I loved the first story, 'The Break'. Phillip is spending his Christmas vacation from college with his mother in New York city. He meets a waitress and begins seeing her despite his mother's disapproval. His mother starts acting intensely angry at the situation and things begin to escalate. What the mother really wants is someone better for her son, and to be closer with him herself.

In 'Balloon Night', Timikin's wife Amy leaves him two nights before their annual party. Timikin goes ahead with the party anyway, pretending that Amy is away on business. He keeps hoping, irrationally, that she will walk through the door.

'Howling at the Moon' is about Lou and his mother who are distanced by the tragic death of Lou's older brother in a car accident. Lou's mother blames him for the accident. She was driving and he let some balls roll to the front of the car on the driver's side. This is what caused the accident. His mother realizes, with time, that blaming Lou is wrong. "For a few months we both saw counselors but we did not talk about that day or my brother. It was as though we had lost our history, as if time started the day after the crash.
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5 of 5 people found the following review helpful By Jennifer L Crosby on September 30, 2013
Format: Kindle Edition Verified Purchase
I downloaded this book on Kindle for a vacation that would not allow for much reading time. My thought was that short stories would be perfect. Tom's writing captured me, so I could not stop reading.

The stories are insightful. Family dynamics, emotion, passion - it is all in there. I loved how each story ended with my being able to see the rest of the story for myself. I reread "Howling at the Moon" and picked up a whole new meaning based on my mood at the time.

I was lucky enough to meet Tom and hear him read and discuss his own writing. That was a real treat, too. I purchased several hard copies of the book as gifts, and I can't wait to hear what the recipients have to say.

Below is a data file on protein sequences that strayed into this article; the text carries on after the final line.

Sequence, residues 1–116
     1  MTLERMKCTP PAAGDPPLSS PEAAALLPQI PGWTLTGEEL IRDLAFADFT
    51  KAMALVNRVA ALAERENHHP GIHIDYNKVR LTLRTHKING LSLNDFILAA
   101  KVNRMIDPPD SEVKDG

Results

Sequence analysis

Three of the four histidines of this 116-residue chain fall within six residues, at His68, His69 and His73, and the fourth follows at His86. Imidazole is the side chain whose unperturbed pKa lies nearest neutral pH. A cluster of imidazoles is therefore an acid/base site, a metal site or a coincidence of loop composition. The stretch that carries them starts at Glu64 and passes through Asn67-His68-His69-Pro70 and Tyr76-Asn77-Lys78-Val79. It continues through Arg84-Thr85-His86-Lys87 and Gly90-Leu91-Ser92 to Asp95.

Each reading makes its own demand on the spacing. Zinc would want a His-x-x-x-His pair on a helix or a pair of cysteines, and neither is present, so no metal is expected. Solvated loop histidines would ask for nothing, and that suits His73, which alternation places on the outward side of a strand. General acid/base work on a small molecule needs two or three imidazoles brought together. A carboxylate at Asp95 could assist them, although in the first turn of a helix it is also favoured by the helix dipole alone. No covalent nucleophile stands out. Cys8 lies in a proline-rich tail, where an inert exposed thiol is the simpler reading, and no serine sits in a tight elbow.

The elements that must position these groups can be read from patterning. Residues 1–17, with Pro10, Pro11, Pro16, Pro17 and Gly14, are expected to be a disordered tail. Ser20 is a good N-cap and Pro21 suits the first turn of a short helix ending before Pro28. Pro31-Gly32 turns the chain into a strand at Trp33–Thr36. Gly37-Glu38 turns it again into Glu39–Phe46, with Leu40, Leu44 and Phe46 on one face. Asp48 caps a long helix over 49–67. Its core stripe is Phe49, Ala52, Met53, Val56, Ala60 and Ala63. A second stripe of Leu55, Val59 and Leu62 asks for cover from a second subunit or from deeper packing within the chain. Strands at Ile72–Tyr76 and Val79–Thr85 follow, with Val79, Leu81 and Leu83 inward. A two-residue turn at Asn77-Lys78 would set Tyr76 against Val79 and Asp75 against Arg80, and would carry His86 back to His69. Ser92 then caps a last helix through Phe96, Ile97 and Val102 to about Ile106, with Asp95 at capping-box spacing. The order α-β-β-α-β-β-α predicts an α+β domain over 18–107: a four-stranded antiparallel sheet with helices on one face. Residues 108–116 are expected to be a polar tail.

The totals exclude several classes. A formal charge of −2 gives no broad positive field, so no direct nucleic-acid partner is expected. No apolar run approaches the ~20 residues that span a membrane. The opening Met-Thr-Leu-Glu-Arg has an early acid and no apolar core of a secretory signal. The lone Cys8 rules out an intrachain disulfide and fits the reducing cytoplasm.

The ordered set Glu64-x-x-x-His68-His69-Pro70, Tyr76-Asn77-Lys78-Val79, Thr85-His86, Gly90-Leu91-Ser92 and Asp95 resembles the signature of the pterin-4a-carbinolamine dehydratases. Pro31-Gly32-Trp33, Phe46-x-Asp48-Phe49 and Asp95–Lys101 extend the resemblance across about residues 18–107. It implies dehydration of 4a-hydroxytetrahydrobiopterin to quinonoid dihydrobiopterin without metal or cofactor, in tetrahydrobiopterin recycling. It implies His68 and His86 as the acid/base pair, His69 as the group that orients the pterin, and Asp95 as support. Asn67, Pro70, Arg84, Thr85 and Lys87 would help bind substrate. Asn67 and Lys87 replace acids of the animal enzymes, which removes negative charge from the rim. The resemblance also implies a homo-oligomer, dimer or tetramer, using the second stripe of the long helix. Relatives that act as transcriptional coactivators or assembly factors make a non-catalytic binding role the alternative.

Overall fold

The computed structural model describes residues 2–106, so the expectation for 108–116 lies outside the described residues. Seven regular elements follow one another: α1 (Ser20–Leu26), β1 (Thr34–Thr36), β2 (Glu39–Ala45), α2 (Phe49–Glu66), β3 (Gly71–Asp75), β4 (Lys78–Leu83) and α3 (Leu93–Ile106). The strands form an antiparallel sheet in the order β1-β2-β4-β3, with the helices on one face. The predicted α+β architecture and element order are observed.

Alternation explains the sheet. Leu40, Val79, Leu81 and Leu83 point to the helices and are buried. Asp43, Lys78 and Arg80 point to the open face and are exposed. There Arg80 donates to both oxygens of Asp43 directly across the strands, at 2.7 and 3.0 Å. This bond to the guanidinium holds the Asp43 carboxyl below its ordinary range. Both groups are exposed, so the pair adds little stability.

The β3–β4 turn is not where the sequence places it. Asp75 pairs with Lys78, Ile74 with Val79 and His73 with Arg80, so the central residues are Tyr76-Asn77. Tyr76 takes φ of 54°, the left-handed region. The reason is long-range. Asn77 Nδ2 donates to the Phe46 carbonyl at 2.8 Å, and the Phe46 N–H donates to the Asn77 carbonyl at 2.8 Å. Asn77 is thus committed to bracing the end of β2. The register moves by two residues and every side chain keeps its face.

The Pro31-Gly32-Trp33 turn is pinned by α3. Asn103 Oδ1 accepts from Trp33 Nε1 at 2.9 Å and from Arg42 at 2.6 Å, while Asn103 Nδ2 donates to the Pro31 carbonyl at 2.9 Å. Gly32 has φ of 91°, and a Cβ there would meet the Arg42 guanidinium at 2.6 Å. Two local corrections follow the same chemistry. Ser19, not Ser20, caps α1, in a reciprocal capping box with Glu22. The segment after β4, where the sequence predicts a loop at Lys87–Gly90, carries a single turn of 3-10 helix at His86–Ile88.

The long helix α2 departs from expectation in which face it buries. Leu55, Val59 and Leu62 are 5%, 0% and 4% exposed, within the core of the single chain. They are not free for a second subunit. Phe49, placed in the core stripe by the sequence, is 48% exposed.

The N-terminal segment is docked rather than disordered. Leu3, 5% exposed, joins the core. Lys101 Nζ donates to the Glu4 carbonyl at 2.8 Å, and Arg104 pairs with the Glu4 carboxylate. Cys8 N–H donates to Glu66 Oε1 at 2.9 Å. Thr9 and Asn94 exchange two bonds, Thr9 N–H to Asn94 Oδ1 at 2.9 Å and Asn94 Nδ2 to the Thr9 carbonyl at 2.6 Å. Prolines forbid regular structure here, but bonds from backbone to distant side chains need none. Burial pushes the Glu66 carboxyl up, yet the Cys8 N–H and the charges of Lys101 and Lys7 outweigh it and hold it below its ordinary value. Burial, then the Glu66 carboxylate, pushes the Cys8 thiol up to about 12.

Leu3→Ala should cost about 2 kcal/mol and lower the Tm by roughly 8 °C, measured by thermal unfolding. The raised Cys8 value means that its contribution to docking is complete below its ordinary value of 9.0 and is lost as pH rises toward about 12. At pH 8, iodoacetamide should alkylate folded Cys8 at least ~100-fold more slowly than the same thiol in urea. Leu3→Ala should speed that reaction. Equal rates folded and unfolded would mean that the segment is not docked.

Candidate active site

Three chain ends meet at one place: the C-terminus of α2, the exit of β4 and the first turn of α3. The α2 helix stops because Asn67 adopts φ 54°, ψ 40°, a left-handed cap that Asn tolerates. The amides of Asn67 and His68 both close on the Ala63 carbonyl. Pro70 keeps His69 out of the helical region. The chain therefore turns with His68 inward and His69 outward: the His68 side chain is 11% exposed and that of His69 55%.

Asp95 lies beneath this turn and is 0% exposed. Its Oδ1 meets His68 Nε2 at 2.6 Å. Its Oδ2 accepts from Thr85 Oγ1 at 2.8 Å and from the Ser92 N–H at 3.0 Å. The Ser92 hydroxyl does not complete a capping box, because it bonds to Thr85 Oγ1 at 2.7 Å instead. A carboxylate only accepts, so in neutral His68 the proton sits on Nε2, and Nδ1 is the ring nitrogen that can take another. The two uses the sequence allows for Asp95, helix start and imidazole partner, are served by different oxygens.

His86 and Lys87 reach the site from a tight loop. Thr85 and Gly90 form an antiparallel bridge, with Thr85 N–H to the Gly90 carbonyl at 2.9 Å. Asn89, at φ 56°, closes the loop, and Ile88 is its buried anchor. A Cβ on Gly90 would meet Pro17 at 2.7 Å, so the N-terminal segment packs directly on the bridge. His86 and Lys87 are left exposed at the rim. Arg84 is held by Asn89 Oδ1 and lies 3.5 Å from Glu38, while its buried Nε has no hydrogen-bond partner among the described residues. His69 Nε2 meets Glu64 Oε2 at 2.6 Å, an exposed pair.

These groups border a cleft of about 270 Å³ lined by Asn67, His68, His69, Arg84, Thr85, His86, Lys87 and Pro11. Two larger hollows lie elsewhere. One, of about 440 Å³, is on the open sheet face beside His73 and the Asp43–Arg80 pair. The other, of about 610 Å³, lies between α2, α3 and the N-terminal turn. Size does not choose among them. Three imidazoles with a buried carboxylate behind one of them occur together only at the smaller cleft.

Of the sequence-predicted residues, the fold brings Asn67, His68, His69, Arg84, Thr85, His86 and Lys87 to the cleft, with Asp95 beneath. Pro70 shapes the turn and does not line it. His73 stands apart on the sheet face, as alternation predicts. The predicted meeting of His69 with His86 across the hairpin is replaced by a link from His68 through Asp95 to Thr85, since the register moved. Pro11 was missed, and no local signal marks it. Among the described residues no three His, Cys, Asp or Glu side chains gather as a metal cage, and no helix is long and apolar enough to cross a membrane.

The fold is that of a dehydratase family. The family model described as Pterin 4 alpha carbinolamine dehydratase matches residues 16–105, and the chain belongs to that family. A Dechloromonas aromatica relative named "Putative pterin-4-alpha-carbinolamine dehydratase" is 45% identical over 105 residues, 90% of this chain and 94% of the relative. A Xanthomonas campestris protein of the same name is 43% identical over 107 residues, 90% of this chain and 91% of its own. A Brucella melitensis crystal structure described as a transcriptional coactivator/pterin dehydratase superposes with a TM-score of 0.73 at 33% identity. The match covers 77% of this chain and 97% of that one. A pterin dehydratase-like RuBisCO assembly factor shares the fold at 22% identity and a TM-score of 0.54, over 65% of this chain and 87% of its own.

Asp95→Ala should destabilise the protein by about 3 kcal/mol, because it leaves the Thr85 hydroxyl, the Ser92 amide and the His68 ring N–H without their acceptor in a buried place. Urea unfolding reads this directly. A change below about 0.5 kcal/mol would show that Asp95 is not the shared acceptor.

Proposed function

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3 of 3 people found the following review helpful By Gail Cooke HALL OF FAMETOP 500 REVIEWERVINE VOICE on September 29, 2013
Format: Hardcover
Authentic, heartrending, perceptive, tender, all of these words apply to Stay Up With Me: Stories by Tom Barbash. He's an amazing author, one who is able to capture a life in as little as 20 pages. He chooses details with restraint and strength, each revealing another facet of a character. All of the players in his stunning collection are known to us. Why? Because we share with them times of grief, disappointment and loss.

For instance in The Break a mother recently separated from her husband welcomes their son home from college for Christmas break. And best of all worlds "She liked the person he was becoming, liked the way he treated others." What she did not like, in fact, resented abhorred was his choice of lovers. She does not know how to handle the situation. Calls to her husband for advice are futile - he only reminds her that their son has his own life to live. Slowly, painfully we watch her try to control the young man's life, choose a proper partner for him.

With "Balloon Night" we meet Timkin who lives in a "three-bedroom eighth-floor apartment, on West Seventy-Seventh Street between Central Park West and Columbus." That's a choice location, is it not? The apartment is where Timkin grew up, it was given to him by his parents a few years back, and the block it is on is called the balloon block. An apt name because that is where the humongous characters in the Macy's Thanksgiving Day Parade are inflated the night before. Naturally, that's quite a sight to see so residents welcome one and all to their apartments to enjoy. Timkin had gone to his first balloon party when he was just six years old.

He is especially proud of the party he and his wife Amy host on Thanksgiving Eve; it is a night of celebration lasting well into the morning hours.